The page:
A native of Bilecik, Anatolia – birthplace of the Ottoman Empire, Nagehan’s roots are deeply embedded in her Ottoman past. Some of her fondest memories are of doing crosswords as a child with her granddad, translating Ottoman words into modern Turkish. That kindled an early interest in language, leading to a decision to come to England as a student in 1999, focusing initially on language studies and then on post-graduate courses in Business Administration and Psychology, as well as a teaching qualification, all on top of her first degree in Business Management, Economics and Politics from Turkey. In 2006, she married an Englishman with a sharp intelligence and a unique sense of humour, not to mention an excellent level of Turkish (now, that is, not back then!). His and his family’s strong Geordie accents proved a real boost to Nagehan’s interpreting skills. Ultimately, the decision to stay in the UK made itself and Plymouth has been home to the couple for the last 14 years, as well as the birthplace of their two young children.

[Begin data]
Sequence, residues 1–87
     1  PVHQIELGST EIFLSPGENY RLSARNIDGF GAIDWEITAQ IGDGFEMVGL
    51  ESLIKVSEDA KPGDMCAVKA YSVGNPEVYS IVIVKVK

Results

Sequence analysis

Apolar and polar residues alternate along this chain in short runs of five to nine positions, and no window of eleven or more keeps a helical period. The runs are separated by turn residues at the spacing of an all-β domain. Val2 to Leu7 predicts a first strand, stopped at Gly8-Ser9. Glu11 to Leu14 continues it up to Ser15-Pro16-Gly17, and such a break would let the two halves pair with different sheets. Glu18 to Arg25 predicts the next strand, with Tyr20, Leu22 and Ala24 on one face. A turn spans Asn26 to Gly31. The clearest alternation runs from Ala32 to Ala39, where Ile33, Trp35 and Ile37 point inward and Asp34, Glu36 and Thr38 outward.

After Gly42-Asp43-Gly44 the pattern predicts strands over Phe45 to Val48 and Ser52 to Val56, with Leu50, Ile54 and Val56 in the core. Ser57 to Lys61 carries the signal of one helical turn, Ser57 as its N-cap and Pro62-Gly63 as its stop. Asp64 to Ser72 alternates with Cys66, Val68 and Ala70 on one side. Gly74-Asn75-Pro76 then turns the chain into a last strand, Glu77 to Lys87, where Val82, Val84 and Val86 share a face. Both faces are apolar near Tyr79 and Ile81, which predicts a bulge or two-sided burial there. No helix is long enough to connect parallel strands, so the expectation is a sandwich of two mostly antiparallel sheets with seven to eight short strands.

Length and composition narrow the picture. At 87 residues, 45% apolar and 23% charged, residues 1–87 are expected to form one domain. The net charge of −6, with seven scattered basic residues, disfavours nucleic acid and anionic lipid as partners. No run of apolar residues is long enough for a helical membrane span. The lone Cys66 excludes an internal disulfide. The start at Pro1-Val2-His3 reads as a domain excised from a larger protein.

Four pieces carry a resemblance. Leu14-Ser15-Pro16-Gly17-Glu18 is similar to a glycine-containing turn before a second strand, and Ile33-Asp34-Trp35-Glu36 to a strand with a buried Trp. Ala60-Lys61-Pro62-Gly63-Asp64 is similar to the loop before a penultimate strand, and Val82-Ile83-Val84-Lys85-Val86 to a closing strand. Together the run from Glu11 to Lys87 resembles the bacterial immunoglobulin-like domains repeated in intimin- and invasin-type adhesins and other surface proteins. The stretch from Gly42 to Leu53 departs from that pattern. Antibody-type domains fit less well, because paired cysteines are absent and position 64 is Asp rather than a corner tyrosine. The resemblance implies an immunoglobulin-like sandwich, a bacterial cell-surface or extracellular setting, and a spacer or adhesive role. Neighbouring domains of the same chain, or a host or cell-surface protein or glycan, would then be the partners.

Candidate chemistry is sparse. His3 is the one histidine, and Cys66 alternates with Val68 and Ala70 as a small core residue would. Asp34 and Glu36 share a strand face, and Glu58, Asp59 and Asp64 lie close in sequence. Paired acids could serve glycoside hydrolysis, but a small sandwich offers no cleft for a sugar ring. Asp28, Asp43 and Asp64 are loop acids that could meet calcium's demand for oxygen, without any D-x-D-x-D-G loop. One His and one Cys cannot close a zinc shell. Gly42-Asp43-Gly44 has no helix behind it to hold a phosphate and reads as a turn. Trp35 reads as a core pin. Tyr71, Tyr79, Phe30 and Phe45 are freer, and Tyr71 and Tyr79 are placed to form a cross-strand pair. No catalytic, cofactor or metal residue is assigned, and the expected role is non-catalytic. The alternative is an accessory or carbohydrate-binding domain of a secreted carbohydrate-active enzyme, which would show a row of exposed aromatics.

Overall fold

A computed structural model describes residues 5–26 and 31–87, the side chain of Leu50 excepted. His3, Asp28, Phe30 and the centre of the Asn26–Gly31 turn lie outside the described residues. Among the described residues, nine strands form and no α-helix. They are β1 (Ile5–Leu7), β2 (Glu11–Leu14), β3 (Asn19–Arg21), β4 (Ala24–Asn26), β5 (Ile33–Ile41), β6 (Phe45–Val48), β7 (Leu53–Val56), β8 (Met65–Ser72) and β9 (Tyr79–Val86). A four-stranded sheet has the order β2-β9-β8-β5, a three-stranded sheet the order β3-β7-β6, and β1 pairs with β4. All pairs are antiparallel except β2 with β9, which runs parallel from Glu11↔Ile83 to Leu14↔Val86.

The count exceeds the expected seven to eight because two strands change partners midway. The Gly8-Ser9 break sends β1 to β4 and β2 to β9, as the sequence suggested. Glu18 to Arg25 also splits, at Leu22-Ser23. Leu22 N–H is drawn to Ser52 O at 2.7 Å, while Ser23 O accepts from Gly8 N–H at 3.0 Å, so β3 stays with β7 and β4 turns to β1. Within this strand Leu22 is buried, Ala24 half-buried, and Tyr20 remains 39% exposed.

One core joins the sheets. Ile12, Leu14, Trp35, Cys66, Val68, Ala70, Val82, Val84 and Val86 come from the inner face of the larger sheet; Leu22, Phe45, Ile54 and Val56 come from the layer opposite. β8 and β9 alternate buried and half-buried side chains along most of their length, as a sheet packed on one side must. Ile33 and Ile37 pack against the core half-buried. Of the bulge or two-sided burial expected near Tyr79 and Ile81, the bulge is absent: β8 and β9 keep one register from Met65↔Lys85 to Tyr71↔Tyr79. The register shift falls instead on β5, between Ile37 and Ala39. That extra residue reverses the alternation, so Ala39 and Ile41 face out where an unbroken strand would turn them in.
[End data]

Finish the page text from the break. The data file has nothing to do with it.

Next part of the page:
It was also in 2006 that Nagehan took the plunge and declared to herself – and the world – that she was a translator. This after working for several years in the textile industry as a merchandiser and brand manager, dealing with such international clients as Next, Karen Millen and Marks and Spencer. Those years featured plenty of business trips to great cities across Europe. Even back then, translation and interpretation were often required, but now she enjoys her status as the only chartered CIOL Turkish translator and interpreter in the South West of England.
These days Nagehan specialises in medical, pharmaceutical and legal texts, with occasional forays into transcreating new articles and reviews for iGaming brands – a chance to awaken the writer within. Another prosperous income stream has been teaching Turkish, whether to second-home owners in Turkey aiming simply to talk with their neighbours, or business executives with keen commercial interests, some of whom have gone on to study at degree level.
ProZ.com has been part of her career from the very start – scouring the site for anything concerning the language industry. The benefits Nagehan perceived led her to become a paying member back in 2011 – a status she still maintains.